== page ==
Language Exchange: From Beginner to Confident Speaker
A language exchange is a surefire way to go from a beginner to more of a multilingual speaker in a matter of weeks, but is often overlooked.
Why start a language exchange?
Nowadays, learning languages is becoming extremely popular – the world is more globalized each passing day and so many are looking to break free from the shackles of monolingualism. What people don’t know is that being multilingual is a great way of increasing your employability for free. Knowing another language can give you the edge on your competition, which is especially important when more and more companies are choosing to open offices in other countries to take advantage of new markets.
To do so, they naturally need to employ customer service staff, who speak the native language of that country in order communicate with their clients. The internet has brought us many different methods for language learners to learn a new language of their choice. Although these methods do really help you to improve your linguistic skills, such as learning new vocabulary, grammar rules and so on, they do not give you a true idea of what it is like to speak with a native, as it is not authentic. While often being the best method of becoming more fluent – doing a language exchange is an option often overlooked by many.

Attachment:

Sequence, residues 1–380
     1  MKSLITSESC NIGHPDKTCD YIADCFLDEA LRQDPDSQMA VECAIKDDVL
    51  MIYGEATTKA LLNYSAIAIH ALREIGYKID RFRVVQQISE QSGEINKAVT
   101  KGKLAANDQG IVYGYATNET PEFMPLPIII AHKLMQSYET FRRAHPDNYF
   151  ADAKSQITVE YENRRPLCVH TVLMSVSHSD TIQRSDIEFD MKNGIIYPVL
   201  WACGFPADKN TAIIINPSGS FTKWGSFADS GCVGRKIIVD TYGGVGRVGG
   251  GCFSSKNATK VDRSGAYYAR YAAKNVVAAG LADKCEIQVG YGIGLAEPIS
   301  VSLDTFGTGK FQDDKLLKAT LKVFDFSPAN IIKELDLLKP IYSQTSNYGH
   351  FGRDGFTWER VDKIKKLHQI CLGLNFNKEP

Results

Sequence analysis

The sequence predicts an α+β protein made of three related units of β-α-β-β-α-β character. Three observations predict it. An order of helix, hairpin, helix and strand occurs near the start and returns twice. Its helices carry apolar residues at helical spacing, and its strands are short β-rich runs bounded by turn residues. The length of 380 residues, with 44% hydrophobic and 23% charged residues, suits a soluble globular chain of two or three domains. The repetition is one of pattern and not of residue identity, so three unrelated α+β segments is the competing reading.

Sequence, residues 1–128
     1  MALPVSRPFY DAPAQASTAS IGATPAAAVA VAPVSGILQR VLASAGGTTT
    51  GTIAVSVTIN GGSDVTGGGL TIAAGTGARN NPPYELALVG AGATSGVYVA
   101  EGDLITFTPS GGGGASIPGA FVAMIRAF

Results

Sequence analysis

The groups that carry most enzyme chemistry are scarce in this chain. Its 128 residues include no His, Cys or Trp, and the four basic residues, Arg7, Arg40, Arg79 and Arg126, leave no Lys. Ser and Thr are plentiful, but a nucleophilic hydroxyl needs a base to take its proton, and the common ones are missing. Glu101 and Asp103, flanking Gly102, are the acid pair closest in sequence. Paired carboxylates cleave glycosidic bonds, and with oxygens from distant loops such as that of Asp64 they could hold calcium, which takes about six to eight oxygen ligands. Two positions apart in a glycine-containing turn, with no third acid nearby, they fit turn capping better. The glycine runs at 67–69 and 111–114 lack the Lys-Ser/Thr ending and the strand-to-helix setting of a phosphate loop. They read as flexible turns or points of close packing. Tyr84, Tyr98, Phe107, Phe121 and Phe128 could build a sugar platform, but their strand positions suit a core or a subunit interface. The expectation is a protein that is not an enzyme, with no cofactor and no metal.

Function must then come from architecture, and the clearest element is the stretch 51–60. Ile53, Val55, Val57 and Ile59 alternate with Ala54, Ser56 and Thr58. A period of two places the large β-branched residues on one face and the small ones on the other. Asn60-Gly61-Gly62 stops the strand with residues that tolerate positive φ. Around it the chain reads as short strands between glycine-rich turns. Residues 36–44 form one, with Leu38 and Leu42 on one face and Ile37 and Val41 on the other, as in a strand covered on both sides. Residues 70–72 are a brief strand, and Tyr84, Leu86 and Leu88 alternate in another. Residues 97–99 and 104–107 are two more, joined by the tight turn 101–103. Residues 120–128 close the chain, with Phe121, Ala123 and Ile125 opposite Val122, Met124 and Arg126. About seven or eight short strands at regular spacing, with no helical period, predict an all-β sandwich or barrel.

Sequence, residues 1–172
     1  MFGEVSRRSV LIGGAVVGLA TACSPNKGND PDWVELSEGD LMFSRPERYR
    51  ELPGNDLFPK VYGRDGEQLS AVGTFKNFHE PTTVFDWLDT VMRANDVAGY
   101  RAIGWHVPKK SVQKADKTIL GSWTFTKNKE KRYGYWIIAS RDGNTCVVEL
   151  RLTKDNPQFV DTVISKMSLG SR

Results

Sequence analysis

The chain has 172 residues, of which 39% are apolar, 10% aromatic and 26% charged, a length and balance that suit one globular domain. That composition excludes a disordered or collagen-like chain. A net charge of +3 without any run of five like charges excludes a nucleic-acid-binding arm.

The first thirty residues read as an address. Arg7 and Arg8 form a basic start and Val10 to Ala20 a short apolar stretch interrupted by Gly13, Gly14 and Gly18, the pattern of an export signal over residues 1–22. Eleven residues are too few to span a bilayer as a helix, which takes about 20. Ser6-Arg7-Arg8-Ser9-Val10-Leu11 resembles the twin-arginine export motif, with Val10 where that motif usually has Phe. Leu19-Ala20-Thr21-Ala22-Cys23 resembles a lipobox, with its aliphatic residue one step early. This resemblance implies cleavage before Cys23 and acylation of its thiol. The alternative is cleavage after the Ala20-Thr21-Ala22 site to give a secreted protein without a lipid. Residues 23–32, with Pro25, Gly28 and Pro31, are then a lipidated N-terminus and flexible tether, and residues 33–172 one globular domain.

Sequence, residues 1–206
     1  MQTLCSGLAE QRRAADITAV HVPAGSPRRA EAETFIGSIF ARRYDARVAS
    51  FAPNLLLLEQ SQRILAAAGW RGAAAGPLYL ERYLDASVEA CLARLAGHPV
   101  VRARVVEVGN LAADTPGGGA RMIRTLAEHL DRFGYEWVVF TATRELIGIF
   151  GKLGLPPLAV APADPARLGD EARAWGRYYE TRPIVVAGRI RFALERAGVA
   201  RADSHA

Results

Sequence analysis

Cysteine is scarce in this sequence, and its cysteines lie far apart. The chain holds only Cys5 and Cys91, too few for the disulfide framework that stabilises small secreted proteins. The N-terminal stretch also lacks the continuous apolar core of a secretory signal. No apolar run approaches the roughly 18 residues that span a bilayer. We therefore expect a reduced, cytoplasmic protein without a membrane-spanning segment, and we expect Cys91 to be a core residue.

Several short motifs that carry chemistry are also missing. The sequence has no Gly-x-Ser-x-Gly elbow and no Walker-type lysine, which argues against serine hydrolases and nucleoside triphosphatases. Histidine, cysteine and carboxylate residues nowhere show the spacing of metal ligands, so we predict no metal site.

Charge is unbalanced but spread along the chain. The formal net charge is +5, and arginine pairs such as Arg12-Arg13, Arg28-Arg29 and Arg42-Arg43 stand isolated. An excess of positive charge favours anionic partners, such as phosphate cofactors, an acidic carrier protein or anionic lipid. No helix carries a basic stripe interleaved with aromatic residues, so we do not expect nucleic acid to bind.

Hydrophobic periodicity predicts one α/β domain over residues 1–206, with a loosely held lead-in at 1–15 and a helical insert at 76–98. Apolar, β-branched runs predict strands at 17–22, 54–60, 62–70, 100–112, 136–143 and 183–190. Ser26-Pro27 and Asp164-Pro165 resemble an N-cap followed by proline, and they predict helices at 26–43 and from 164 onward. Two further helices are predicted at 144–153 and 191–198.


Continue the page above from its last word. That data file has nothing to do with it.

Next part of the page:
Consistency and motivation
Learning languages through online tools such as Apps, like Mondly for example, can give you a great base in your quest to master your target language. In language learning, consistency and passion are the two key ingredients - if it is not practiced regularly enough then it is impossible to truly master it. A language exchange, whether this be face to face or online, can give you the added motivation on a consistent basis to really go that extra mile.
Practice makes perfect
Conversing with a native speaker on a regular basis helps form a better knowledge of accents, as well as slang, which are things that simply can’t be taught from a textbook. It is scientifically proven that saying things out loud can help you to better remember things, so speaking your target language on a regular basis can only come as a help.
It’s free and convenient
For many language learners, they simply don’t have a lot of money to spare on buying textbooks, paying for language lessons and downloading apps. It is also a timely process, and between work and the thousands of other things to do in life, language learning is not so easy. Therefore, finding a language exchange partner is a free and convenient method.
Find a good partner
There may be times when your motivation is lacking – you’re only human! This is why choosing a like-minded, dedicated language exchange partner is key. Maybe this means holding auditions (not literally of course) but you can meet with several partners and decide which one you have the most chemistry.
Both people are aiming for the same objective, to be fluent in their target language. A good one can also give you great tips to find resources, correct your grammar, and even improve your accent, especially if they are a native speaker. Who knows – you might become bffs.